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Advanced Level Organic Chemistry: 15.5 UV and Visible Spectroscopy

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Doc Brown's Advanced Chemistry

PART 15.5 uv and visible spectroscopy

Doc Brown's Chemistry Advanced Level Pre-University Chemistry Revision Study Notes for UK IB KS5 A/AS GCE advanced A level organic chemistry students US K12 grade 11 grade 12 organic chemistry courses Spectroscopic methods of analysis and molecular structure determination

All my advanced A level organic chemistry notes

SPECTROSCOPY INDEXES

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This section is indexed under Doc Brown's Advanced Level Organic Chemistry

PART 15.5 Emission and absorption spectroscopy including colorimetry and flame photometry

Doc Brown's Chemistry Advanced Level Pre-University Chemistry Revision Study Notes for UK IB KS5 A/AS GCE advanced A level organic chemistry students US K12 grade 11 grade 12 organic chemistry courses uv visible spectroscopic methods of analysis molecular structure determination uv & visible spectroscopy organic and inorganic examples of uv absorption spectra and visible emission, absorption and reflectance spectra


Index of pages on ultraviolet and visible spectroscopy

15.5.1 The origin of colour, the wavelengths of visible light, our perception! (this page for simple introduction)

15.5.2 uv-visible spectroscopy theory, spectrometer, examples of absorption & reflectance spectra explained

15.5.3 uv-visible absorption spectra - index of examples: uses, applications, more on the chemistry of colour

Organic Chemistry Part 15 SPECTROSCOPY, is mainly organic uv-visible spectra, but there are sections on the emission and absorption spectroscopy of elements and inorganic examples including transition metal complexes and colorimetry

I had already written a few sections on visible absorption/emission spectroscopy before writing Part 15 e.g.

Identifying and element analysis from emission spectroscopy and flame photometry

Electron configuration of transition metal ions and colour theory

Colorimetric analysis and determining a transition metal complex ion formula


15.5.1 The origin of colour, wavelengths and colours of visible light - our perception!

Sub-index for this page 15.5.1

(a) The wavelengths and colours of the visible light spectrum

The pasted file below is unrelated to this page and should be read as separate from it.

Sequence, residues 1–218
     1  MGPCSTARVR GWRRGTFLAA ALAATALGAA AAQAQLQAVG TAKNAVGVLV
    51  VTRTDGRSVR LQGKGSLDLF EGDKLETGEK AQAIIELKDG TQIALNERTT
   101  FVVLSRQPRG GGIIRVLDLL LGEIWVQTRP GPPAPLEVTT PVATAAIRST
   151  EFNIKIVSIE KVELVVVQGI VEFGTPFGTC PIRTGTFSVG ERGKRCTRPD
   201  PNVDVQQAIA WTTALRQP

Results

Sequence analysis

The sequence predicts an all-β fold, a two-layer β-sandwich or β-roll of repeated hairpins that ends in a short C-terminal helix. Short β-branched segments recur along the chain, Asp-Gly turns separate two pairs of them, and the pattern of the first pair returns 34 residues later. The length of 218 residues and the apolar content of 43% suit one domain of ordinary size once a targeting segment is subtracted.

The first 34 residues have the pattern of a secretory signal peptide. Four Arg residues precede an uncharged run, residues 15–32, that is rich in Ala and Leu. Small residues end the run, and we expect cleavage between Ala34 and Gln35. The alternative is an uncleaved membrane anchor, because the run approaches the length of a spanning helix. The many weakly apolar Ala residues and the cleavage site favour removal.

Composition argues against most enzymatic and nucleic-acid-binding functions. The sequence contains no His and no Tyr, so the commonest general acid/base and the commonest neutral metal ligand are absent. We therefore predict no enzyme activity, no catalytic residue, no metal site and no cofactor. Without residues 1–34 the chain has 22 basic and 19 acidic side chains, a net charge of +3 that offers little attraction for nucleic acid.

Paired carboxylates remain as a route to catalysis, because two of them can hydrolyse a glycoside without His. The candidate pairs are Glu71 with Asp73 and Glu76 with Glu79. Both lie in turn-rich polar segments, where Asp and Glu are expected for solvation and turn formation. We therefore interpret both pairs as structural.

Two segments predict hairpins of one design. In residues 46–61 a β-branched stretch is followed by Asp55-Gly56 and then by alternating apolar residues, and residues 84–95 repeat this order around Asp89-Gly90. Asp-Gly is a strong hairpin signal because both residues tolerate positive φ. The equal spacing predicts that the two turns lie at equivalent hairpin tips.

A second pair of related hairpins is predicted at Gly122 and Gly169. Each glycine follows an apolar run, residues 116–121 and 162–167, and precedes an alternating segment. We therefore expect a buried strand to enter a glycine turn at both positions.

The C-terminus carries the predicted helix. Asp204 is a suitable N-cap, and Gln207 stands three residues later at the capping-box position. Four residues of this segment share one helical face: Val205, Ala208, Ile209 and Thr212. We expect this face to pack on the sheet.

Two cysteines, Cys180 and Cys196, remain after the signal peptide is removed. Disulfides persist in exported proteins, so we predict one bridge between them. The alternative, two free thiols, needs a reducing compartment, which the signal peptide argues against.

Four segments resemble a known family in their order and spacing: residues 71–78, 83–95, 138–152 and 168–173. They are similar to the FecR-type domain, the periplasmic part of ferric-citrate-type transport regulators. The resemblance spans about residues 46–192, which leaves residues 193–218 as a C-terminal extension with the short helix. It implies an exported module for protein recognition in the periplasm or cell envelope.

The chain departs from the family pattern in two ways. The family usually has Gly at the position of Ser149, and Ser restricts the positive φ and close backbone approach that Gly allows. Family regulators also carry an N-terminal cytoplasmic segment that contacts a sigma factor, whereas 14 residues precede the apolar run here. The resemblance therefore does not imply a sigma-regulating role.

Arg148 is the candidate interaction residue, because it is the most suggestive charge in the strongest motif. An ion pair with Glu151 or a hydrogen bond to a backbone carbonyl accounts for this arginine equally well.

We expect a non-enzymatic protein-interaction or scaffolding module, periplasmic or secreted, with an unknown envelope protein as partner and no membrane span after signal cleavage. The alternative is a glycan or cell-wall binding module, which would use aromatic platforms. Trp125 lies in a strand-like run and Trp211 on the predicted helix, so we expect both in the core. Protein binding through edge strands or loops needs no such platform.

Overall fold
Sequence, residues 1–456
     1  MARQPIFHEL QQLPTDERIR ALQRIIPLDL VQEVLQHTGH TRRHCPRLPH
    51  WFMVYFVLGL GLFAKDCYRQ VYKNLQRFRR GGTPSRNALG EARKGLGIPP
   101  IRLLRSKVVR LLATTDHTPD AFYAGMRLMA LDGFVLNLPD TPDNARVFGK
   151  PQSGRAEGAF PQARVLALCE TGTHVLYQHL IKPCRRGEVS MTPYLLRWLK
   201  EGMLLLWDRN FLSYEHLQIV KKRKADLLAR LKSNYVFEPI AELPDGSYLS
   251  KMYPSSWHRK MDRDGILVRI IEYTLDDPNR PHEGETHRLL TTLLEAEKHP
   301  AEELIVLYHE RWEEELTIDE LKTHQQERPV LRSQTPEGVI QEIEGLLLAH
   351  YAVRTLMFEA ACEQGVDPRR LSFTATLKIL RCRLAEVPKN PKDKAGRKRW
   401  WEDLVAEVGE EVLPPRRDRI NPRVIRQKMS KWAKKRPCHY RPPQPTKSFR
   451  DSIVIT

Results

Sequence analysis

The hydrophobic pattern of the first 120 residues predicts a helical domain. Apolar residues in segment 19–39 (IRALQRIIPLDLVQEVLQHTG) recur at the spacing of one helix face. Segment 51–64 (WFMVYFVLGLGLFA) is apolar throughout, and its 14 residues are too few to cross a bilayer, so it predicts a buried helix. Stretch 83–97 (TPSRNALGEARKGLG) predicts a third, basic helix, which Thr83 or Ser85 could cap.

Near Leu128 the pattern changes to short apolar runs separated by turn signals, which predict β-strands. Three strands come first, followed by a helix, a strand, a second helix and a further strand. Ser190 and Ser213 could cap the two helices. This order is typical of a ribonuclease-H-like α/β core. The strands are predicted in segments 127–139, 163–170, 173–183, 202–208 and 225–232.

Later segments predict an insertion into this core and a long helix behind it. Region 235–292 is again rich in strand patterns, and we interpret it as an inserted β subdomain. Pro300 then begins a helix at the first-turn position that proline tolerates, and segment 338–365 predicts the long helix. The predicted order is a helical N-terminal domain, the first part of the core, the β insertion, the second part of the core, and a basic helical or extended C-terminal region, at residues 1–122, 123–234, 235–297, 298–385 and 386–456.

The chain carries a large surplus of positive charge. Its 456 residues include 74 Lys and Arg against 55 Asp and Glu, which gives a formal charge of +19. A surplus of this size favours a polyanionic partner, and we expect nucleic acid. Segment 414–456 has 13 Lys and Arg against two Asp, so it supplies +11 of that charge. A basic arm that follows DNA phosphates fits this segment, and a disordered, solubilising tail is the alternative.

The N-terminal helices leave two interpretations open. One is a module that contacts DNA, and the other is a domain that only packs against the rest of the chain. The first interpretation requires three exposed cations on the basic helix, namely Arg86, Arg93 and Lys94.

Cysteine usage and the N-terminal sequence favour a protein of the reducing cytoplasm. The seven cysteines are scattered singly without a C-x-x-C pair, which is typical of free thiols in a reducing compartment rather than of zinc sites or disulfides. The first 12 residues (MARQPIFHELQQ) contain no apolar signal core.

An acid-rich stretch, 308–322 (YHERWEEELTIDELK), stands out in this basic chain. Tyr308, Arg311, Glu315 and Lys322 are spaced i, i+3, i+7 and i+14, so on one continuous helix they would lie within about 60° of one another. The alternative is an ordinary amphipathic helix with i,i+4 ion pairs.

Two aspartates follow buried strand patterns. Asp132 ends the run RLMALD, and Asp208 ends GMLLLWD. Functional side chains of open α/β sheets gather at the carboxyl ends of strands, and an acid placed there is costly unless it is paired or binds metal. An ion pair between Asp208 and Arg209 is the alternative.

(b) Why, and how, do we see different colours?

(c) Colour wheels, complimentary colours and the wavelengths of visible light


(a) The wavelengths of the colours of the visible light spectrum

picture of the visible spectrum

Table of the colours and wavelengths of the visible light spectrum, every colour has its own range of wavelengths and corresponding frequencies.

E, the energy of a photon in J, is given by Planck's equation: E = hv

h = Planck's constant = 6.63 x 10-34 Js, v = frequency, Hz.

You need to be familiar with inter-converting wavelengths and frequencies: c = λ

c = speed of light, 3.0 x 108 ms-1, λ = wavelength, m, v = frequency, Hz

In my uv-visible spectroscopy pages, wavelengths are usually quoted in nanometres (1 nm = 1.0 x 10-9 m)

See general spectroscopy index page for examples of calculations

Below is a rough table guide to what colour is transmitted if the specified colour is absorbed.
1. Colour that we perceive 2. ~Wavelength range ( λ/nm) 3. Colour on absorption
Ultraviolet

(invisible)

<380 (end of near uv region,

start of visible region)

If column 1 colour is absorbed,

column 3 colour is transmitted

Violet 380 - 435 Yellow
Blue 435 - 500 Yellow-orange
Cyan (blue-green) 500 - 520 Orange-red
Green 520 - 565 Purple (magenta)
Yellow 565 - 590 Violet-blue
Orange 590 - 625 Blue
Red 625 - 740 Blue-green
Infrared

(invisible)

>740 (start of ir region,

end of visible region)

 

See a colorimetric exercise for a similar table of colour matching for analysis using a colorimeter.

It should be emphasised that the colour you perceive, and the reason for it, is quite complex, as you will find out in my discussions of individual spectra.

The table above, and colour wheels illustrated in (b) and (c) are only an approximation to the predicted colour and what is actually observed!